Ethnic Identity Features: Creation, Loss and Revival Dynamics (The case of Turkish Meskhetians)

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Ethnic Identity Features: Creation, Loss and Revival Dynamics (The case of Turkish Meskhetians)

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Publication Article, other scientific
Title Ethnic Identity Features: Creation, Loss and Revival Dynamics (The case of Turkish Meskhetians)
Author(s) Beridze, Marine ; Kock Kobaidze, Manana
Date 2008
English abstract
The process of ethnic changes, that started in southern Georgia (Meskheti/ Samtskhe-Javakheti) in the 16th -17th centuries, was aimed at forming a new ethnic group out of the local population (Georgians, in particular, Meskhetians) and the immigrant population (Turks and Kurds). This was a complex and long process and was going on under the control of two powerful states: Turkey and, later, Russia. To create a new ethnic group and use it as a “tool” for mastering this strategically important territory was a policy of these states and has remained unchanged during three to four centuries. The gradual development of the features, unifying these groups, is documented in the historical sources: 1. Change of confession (encouraged by economic and other means); 2. Language shift (first within some domains and within high social classes and later in all domains and even among lower classes of the population), 3. Change of surnames (as a result of or final step of identity change), 4. New perception of own identity. Changing of the group name has reflected the group's development dynamics: Georgians who remained Christians retained their name Kartveli (Georgian in Georgian), Georgians who became Muslims in the 17-18th centuries were called Jerli (local in Turkish), and immigrated Muslims, who where ethnic Turks and Kurds, were called Tarakama. The next step was a unification of Jerli and Tarakama by the confessional feature and the naming of these two groups as Tatari (resp. Muslim). In the Russian censuses since the 19th century the unifying name of these groups, indicating confession (Tatari), has been changed with the unifying name indicating ethnicity (Turk) (regardless of the fact that ethnical composition of "Turks" was diverse). The Muslim population of this area also obtained an economic advantage. After the power change in Georgia in 1918, fear of losing the property strengthened the loyalty of this group to Turkey. In the 1920s Georgian schools were closed and Turkish schools were opened for the Georgian Muslims in Samtskhe-Javakheti. When the political climate changed, during the census before the Second World War, it was suggested that they should be registered as Georgians but this attempt failed. In the 1939 census they were called Azerbaijanis by officials and, thus, avoided the term Turk in the census. The group was deported to Central Asia in 1944. The group has retained and strengthened its unity after the deportation. Later, all Muslims deported to Central Asia from Samtskhe-Javakheti (Meskheti) irrespective of their ethnic diversity (Georgians, in particular, Meskhetians, as well as non-Georgians: Turks, Kurds) received the new shared name Turkish Meskhetians where two different names denoting the different ethnic origin are presented on the same level which is quite confusing. Nowadays people named as "Turkish Meskhetians" protest this name and demand to be called "Meskhetians" (Such a change, in turn, can cause new misunderstandings). It is noteworthy that Muslim Georgians try to avoid the term Turkish as a name of the Turkish language spoken by them and regularly call it "Our language". This seems to be a way to differentiate "our language" as a language obtained through the new confession and indicating the confessional loyalty, on the one hand, and the Turkish language that is spoken by ethnic Turks as a part of their ethnic identity and an indicator of their ethnic belonging, on the other hand. At the same time, it emphasises "our language" as a distinctive feature from the Georgian speaking Georgians. The group strives and acts for repatriation. The history of this group is an obvious case of the attempt to form one ethnic group out of different ethnic groups in the process of interaction between internal and external forces. It also confirms that the identity features function as an entire complex. Strive to reconstruct the whole complex of the features and overcome the lack of the missing feature (language, ideology, territory…) may exhibit vitality of the group. It is another matter that this strive may be employed for different goals by different political forces.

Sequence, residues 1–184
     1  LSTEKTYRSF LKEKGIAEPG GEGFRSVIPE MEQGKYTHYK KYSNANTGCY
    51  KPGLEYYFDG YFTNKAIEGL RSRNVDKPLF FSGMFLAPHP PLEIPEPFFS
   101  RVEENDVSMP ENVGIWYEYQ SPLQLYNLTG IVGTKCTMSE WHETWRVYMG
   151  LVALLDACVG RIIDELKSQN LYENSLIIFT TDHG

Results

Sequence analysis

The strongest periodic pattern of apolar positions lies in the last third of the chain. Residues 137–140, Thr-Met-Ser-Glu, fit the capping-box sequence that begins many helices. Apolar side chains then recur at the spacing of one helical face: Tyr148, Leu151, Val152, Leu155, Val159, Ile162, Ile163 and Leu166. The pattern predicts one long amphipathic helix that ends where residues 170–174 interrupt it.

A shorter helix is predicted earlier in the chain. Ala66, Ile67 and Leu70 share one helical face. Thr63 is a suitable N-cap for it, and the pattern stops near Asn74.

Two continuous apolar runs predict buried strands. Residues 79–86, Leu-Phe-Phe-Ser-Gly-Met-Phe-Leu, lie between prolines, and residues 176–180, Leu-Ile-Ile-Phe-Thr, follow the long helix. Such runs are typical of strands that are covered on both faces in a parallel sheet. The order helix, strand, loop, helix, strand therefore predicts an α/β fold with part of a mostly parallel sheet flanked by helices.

Publisher Chikobava Institute of Linguistics, Georgia
Host/Issue Iberiul-Kavkasiuri Enatmecniereba;36
ISSN 1987-6572
Pages 58-80
Language geo (iso)
Subject(s) Ethnic identity
Religious identity
linguistic identity
Humanities/Social Sciences
Research Subject Categories::HUMANITIES and RELIGION::Languages and linguistics
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